Thrift Store Bargains Help Pay High Price for Animals' Welfare


For the hundreds of shoppers who frequent the cluster of small businesses along Sunset Boulevard near the Silver Lake Boulevard underpass, the new Neighborhood Animal Group Thrift Store offers bargain prices on clothing, furniture and assorted household goods.

But it is the four-legged residents of the area that might profit the most from the store--believed to be the first thrift shop in Los Angeles County dedicated to benefiting animals.

Since it was formed three years ago, the Neighborhood Animal Group has helped residents in Silver Lake, Echo Park, Eagle Rock, Los Feliz, Highland Park and parts of Hollywood arrange to spay and neuter their cats and dogs. The group has paid for emergency medical treatment for pets and cared for stray animals until permanent homes could be found, members said.

Until now, the group has survived solely on donations, proceeds from monthly rummage sales and efforts by about 20 core volunteers, said member Carol Garver, a Silver Lake resident. The thrift store, she said, is expected to bring in hundreds of dollars more each month for the group's services.

The small shop at 2850 1/2 Sunset Blvd. actually opened in mid-February. But members staged a low-key, grand opening last weekend to formally kick off the enterprise, with a few colored flags outside the door and a handwritten sign advertising sweaters for $1 apiece.

Inside the shop on Sunday, customers found a variety of bargains: shoes for $1.49 a pair, sunglasses at $2.50 each, an antique radio for $5. Two crowded aisles in the hallway-like store were filled with stacks of clothing, furniture and an eclectic assortment of goods that included garlic fish bait, exercise videos and framed art prints.

After buying two bags of books, dishware and other items, Silver Lake resident Katie Overman described herself as a thrift store junkie who often shops at the used-goods outlets for bargains--and for therapy.

But Overman favors the Neighborhood Animal Group store because she loves animals, she said.

"I know people are starving and I know there are homeless, but someone's got to take care of the animals," said Overman, a community services analyst for Los Angeles County and a volunteer for a Silver Lake boys' club and the Los Feliz branch library.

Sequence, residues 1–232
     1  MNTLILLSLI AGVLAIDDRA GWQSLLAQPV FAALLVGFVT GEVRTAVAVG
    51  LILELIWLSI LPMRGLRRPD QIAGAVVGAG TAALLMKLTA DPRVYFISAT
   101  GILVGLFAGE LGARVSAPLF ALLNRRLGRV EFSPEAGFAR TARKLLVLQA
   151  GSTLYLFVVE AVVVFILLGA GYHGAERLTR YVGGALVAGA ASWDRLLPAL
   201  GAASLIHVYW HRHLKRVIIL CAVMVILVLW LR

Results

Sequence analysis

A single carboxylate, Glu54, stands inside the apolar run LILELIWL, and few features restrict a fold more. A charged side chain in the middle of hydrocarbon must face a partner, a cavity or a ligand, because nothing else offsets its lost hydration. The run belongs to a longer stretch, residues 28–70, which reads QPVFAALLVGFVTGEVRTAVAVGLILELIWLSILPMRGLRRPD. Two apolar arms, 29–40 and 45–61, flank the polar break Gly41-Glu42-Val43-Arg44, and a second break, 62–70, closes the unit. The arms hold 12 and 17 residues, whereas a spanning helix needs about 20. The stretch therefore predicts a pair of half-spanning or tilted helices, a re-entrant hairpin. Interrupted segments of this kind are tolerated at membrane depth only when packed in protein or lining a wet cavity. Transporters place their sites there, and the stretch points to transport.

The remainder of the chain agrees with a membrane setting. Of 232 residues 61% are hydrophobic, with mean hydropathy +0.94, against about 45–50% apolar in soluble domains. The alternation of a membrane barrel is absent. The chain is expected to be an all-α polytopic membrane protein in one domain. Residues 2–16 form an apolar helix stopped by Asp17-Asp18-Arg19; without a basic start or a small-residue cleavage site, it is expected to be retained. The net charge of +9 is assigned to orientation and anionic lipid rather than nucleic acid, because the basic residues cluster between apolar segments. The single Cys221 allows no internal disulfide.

The Neighborhood Animal Group store, open every day but Monday from 11 a.m. to 5 p.m., opened with a $2,000 grant from an East Coast animal foundation. The business is now self-sufficient, earning about $700 a month for the animal group's services, said Toni Peck, a group member and daughter of the organization's founder.

The group was formed three years ago by Joan Peck, a teacher who has spent about 20 years helping stray animals. Peck, who served for 10 years as an animal regulations commissioner for the city of Los Angeles, still heads the small group of volunteers, who regularly use their own money and homes to provide services for pets.

She and other members take in stray and unwanted animals, including dogs, cats and an occasional duck or rabbit, until permanent homes can be found. They answer residents' questions about animal care and drive elderly or disabled people to animal clinics, Toni Peck said.

They have been authorized by the city at times to help trap wild cats or dogs that were causing problems in a neighborhood, Garver said.

Last year the group spent about $30,000 to spay or neuter 553 cats and dogs and provide emergency medical treatment for 270 others, Garver said.

"The money and effort goes directly back into this community," Toni Peck said. "We really feel like we make a difference, and we make a difference in the area we live."

Although there are at least two other thrift shops in the state dedicated to helping animals, the Neighborhood Animal Group store is believed to be the first in Los Angeles County, county animal officials said.

In San Mateo, the Peninsula Humane Society makes $20,000 a month from its 8-year-old "Pick of the Litter" thrift store, manager Jean Marsili said. In San Diego, the Humane Society and Society for the Prevention of Cruelty to Animals earns $2,000 a month from its shop, spokesman Larry Boersma said.

Copyright © 2019, Los Angeles Times
EDITION: California | U.S. & World